Torontoist is a blog focused on, you guessed it, Toronto and they recently ran a series of posts about bike lanes. It’s not all about Toronto as they pull data from New York and tout Strasbourg as an inspiration that Toronto ought to follow.

The success of cycling infrastructure in Strasbourg is a result of partnerships between the city and other transportation agencies. Parcus, the city’s arms-length parking authority, manages parking lots throughout Strasbourg and incorporates bike parking as part of its facilities. Parcus provides free, supervised bike parking at five different parking lots across the city. Parking attendants are even equipped with repair kits and bike pumps.

In another recent post, Torontoist provides a look at three myths about bike lanes that people (for some reason) believe. The first myth is that bike lanes block people from commuting from the suburbs. The response to the myth is pretty great:

The myth here is that cycling infrastructure will cause congestion to the point of excessive traffic delays. Bike lanes don’t always add to traffic congestion, and really need to be analyzed on a case by case basis. Except for rush hour, Bloor Street is already occupied by parking spaces on either side of the road, and, in turn, narrows a four-lane street down to two lanes. Bike lanes will remove parking spaces, sure, but in turn will leave the two-lane situation in the same condition it was prior to the installation of the bike lanes. If bike lanes do in fact cause minor inconveniences, these inconveniences are nothing in comparison to on-street parking used practically around the clock. Here’s an 808 page book on why that’s bad public policy.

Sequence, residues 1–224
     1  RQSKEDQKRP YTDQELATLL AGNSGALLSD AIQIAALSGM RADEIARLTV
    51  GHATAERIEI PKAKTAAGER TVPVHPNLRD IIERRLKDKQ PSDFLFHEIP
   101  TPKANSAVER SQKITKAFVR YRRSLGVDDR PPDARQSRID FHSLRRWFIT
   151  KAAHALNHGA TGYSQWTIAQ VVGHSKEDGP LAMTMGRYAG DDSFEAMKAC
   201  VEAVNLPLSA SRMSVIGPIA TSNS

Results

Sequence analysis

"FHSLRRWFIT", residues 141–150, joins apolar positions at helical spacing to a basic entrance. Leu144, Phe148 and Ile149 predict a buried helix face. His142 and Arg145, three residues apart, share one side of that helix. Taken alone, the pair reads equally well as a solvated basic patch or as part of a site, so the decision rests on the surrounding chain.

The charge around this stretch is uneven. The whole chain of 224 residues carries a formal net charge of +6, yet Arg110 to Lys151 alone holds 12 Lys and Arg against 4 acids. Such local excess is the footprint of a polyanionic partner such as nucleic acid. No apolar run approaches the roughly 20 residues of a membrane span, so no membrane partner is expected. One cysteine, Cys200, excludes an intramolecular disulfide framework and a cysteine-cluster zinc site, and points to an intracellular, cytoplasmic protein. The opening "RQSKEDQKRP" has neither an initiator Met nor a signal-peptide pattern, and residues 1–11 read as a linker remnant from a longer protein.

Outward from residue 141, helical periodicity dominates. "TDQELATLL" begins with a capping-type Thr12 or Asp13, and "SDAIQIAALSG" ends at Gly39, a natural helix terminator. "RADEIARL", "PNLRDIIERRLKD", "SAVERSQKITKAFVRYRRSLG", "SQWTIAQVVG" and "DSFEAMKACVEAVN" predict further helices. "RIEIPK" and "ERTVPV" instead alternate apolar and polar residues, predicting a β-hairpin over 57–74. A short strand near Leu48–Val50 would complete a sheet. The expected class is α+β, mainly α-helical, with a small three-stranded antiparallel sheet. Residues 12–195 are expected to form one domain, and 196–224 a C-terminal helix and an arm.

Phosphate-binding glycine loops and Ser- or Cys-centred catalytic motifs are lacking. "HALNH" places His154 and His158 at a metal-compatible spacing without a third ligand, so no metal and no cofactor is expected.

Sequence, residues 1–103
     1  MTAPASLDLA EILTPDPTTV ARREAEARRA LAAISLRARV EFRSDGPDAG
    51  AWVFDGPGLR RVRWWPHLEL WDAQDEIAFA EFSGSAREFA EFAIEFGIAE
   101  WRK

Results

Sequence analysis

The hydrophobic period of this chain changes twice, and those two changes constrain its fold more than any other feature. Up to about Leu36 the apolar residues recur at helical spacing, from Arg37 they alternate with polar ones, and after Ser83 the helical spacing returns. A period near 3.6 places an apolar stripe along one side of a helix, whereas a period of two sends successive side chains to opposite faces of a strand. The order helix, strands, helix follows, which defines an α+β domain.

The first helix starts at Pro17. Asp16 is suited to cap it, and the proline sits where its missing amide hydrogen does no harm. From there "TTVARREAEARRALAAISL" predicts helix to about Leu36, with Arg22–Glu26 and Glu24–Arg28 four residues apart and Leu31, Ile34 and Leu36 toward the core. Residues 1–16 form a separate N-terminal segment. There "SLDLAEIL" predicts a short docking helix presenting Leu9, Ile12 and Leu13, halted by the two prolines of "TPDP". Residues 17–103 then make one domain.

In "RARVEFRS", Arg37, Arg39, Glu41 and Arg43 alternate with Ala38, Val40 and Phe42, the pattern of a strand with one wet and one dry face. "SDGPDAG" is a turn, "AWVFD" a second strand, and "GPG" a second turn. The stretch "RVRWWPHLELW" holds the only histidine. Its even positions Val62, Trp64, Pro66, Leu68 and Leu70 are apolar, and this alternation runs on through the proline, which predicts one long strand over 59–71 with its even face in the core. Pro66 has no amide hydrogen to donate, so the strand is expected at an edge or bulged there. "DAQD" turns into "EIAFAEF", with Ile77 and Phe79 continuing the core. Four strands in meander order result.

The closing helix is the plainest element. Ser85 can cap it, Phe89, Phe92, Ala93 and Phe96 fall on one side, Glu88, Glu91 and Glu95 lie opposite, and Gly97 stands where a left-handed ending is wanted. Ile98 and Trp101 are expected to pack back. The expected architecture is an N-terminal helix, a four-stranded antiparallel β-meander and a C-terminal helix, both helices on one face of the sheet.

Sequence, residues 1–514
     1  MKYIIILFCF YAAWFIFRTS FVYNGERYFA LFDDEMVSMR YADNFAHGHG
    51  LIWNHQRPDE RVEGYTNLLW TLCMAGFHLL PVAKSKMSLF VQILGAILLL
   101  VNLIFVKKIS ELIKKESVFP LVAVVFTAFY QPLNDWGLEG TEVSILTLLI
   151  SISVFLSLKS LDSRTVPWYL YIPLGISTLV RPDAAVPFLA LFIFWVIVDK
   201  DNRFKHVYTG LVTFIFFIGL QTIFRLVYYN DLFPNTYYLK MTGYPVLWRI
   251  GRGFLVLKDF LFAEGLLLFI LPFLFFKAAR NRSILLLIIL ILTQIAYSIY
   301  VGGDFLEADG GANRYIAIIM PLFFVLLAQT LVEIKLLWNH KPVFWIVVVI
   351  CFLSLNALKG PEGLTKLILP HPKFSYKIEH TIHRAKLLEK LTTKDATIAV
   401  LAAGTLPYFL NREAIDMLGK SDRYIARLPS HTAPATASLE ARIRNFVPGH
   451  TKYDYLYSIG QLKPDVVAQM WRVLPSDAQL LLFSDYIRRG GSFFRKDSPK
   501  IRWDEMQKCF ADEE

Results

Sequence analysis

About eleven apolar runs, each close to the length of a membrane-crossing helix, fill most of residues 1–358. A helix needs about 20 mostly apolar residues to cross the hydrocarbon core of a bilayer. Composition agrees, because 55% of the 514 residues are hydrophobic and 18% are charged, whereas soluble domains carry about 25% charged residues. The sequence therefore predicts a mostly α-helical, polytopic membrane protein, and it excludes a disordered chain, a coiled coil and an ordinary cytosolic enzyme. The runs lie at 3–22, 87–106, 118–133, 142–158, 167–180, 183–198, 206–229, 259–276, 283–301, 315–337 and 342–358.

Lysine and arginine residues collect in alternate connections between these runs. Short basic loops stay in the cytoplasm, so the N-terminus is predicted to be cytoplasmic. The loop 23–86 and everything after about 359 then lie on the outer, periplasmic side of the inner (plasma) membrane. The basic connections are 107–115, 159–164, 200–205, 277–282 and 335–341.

Lastly, the site outlined why bicycle infrastructure is part of a larger movement to make streets good for all commuters. Having a multimodal approach to urban transportation is always a good form of planning rather than a monolithic approach focused on one mode of getting around.

The study of the improvements made to Richmond and Adelaide streets, which included the addition of a cycle track separated from vehicle traffic by flexi-posts and planter boxes, concluded that the upgrades resulted in an increased number of cyclists using the roadways and reduced travel times for drivers. During off-peak hours, a motorist’s trip was 30 per cent faster after the cycle track was installed and 12 per cent faster during peak hours.

In the study, both cyclists and drivers reported that they felt safer using the street once it had been upgraded. The report did not, however, mention how incorrect usage of the roadway, such as drivers and delivery trucks parking in the bike lane, can render it less safe since cyclists usually have to merge with traffic.